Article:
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Introducing active attacker training on campus: Get out. Hide. Fight.

May 22, 2019

Over the next few months, our department will be sending out communications about a new campaign designed to provide community members with information about what to do in the event of an active attacker on campus.

This kind of training has become increasingly common and standardized across Canadian post-secondary institutions and is part of the university’s commitment to proactively plan for rare, but possible, emergency situations.

The message is simple: Get out. Hide. Fight.

While the chances of this occurring are extremely low, it’s important to have this knowledge

When there are cases of active shooters in the news, we often ask “What would I do if that happened to me?” Research of active threat events across North America (specifically those involving active shooters) has shown that being prepared can increase your chances of survival should you ever find yourself in this situation. This information can help you to overcome the freeze response that prevents quick action if you are faced with an active attacker.

Ultimately, each individual is responsible for their own actions and their own safety, regardless of their role. That’s why it’s important that all community members—students, faculty and staff—familiarize themselves with this information. Those who have completed training reported that it brings a sense of empowerment and peace of mind.

What is an active attacker?

An active attacker may:

An active threat may:

  • display a weapon (e.g. firearm, knife, etc.)
  • actively engage in threatening conduct or behaviour
  • show no reasoning behind their selection of victims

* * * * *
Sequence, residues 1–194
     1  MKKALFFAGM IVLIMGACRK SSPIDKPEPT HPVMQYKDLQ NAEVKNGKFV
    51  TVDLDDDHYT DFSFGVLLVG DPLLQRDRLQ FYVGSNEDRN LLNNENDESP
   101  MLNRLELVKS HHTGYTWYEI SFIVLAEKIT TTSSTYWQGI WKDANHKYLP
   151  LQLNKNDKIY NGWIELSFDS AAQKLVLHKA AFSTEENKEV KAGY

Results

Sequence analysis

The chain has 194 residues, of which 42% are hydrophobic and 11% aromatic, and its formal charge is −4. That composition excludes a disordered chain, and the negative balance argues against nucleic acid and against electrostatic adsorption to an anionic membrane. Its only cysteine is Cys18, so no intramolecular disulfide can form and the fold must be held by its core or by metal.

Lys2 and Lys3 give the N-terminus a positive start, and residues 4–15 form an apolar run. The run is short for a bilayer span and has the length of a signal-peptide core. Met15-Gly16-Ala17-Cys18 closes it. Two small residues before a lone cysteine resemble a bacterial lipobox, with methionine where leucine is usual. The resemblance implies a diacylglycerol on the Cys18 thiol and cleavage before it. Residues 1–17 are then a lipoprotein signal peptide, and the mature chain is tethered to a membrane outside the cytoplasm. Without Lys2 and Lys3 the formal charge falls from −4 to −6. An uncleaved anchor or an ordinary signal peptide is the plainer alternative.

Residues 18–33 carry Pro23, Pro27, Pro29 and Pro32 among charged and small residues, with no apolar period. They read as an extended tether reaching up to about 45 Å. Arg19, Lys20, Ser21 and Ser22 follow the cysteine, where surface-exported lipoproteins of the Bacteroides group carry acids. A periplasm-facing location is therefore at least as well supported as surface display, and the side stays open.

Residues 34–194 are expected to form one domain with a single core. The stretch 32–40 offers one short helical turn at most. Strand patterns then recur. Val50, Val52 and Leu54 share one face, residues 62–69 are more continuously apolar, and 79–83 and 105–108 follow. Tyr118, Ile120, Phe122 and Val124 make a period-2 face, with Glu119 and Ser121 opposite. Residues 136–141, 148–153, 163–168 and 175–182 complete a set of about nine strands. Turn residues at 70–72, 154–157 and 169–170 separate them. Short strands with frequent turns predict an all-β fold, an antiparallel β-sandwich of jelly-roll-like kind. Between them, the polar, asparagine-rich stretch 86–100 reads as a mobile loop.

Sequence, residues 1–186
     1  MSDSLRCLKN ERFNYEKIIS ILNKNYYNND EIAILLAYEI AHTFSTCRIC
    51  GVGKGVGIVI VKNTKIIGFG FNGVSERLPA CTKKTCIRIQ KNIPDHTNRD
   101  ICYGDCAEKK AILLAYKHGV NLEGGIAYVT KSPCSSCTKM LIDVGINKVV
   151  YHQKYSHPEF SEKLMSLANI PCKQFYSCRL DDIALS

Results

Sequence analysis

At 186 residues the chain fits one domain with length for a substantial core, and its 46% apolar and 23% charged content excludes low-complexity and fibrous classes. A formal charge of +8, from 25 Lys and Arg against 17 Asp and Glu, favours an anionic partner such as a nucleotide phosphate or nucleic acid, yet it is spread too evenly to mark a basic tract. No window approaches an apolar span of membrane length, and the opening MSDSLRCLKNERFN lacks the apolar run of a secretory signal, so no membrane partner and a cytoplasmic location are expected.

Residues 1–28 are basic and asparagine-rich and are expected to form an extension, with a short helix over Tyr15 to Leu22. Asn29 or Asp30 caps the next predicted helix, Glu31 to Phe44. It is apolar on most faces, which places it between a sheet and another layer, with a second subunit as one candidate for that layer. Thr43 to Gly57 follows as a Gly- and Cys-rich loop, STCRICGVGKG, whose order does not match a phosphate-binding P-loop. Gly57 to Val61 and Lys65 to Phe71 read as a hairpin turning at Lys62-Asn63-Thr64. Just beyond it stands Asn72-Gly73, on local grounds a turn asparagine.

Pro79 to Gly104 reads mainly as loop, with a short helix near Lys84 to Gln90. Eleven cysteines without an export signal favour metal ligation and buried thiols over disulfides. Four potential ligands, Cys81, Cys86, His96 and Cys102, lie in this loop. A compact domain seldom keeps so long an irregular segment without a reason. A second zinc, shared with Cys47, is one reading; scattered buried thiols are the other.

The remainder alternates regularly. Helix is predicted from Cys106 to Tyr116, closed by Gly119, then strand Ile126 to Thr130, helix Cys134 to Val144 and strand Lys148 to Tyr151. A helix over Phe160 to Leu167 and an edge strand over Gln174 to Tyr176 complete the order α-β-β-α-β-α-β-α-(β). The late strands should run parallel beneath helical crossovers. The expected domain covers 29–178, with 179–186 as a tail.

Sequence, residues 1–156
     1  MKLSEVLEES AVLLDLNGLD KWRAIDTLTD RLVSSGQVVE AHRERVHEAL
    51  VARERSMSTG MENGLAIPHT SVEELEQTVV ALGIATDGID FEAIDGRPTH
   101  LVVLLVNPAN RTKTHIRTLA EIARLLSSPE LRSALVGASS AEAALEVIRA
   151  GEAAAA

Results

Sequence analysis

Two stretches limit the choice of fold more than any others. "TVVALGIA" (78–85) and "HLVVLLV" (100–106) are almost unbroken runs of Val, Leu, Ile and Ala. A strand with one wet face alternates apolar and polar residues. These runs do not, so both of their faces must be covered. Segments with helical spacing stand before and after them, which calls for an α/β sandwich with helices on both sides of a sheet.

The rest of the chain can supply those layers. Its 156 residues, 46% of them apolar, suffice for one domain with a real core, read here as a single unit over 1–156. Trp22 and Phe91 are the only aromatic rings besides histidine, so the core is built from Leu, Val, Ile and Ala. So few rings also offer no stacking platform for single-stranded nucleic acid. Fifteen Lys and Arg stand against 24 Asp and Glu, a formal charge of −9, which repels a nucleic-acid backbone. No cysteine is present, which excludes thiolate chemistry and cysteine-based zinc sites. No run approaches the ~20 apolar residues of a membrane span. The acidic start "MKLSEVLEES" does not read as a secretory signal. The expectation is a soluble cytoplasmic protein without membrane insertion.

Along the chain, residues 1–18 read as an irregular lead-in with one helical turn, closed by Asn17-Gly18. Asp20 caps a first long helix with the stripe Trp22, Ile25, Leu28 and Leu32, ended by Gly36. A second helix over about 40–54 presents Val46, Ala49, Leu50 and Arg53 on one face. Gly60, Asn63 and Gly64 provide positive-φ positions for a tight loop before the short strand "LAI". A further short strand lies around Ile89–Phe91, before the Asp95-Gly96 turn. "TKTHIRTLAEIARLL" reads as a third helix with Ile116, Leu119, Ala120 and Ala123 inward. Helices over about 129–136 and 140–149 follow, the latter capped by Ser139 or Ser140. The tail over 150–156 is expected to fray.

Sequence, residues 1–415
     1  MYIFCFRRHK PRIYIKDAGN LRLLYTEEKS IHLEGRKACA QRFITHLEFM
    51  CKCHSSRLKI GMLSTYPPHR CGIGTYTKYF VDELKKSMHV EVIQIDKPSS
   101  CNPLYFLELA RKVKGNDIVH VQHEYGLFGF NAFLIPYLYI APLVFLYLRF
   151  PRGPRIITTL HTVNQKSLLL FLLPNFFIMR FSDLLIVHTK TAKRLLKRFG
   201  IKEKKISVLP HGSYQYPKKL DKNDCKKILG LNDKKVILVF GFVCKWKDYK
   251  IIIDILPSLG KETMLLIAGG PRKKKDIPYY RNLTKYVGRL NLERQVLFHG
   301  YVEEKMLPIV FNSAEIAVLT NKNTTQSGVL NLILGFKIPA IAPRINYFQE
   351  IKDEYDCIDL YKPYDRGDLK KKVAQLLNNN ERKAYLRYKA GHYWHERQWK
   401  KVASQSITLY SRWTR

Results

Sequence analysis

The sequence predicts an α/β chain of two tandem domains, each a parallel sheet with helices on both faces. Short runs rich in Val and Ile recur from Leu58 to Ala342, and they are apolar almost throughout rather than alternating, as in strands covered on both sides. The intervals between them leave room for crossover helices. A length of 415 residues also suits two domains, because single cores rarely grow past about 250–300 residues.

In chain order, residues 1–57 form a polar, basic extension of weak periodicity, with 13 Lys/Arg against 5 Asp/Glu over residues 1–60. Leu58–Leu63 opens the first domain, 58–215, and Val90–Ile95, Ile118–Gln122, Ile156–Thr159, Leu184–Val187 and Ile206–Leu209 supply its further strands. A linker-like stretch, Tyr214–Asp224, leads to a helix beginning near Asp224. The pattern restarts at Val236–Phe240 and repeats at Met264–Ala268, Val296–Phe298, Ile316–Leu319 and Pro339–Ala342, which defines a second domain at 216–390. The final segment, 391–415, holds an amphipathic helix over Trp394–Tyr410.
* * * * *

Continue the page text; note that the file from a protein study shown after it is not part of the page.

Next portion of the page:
• begin without warning
  • cause confusion and panic
  • result in people having a freeze response
  • involve firearms or knives
  • involve explosive devices to cause additional harm and to impede response

Key message: Get out. Hide. Fight.

The key message of get out, hide, fight is simple and memorable, and represents the options you should consider if you ever face an active attacker.

Keep in mind that the option you choose to adopt may vary depending on the active threat situation you are in. Each situation is different and unpredictable.

Moreover, while the options are presented in a sequence, there is no set formula. These steps are not linear.

Get out

If you can, get out.
If you're in an open area, look for your nearest, safest escape and get there as quickly as you can. Keep solid structural objects between you and the attacker and get as far away from them as possible. If it is safe to do so, call 911.


If you can’t leave, hide.
Hide with as many others as you safely can. Get behind solid structures that can't be penetrated by weapons or weapon fire. Lock, barricade and stay away from the door. Close windows, blinds and turn off lights. Stay quiet and mute phones. Wait until help arrives.


As a last resort, fight.
You should only confront an active attacker if you have somehow become trapped in a space with no escape. The goal is to create a counter measure. Use any object to attempt to distract, stop or incapacitate the active attacker so you can get away.

Empower yourself with the skills to respond by learning more

We encourage you to:

  1. Visit the Active Attacker page and watch a short training video.
  2. Sign up for a training session to gain hands-on skills.
  3. Share this information with others.


If you have any questions about this campaign, please contact Tanya Poppleton, associate director of community outreach and special projects at 416-979-5000, ext. 554995 or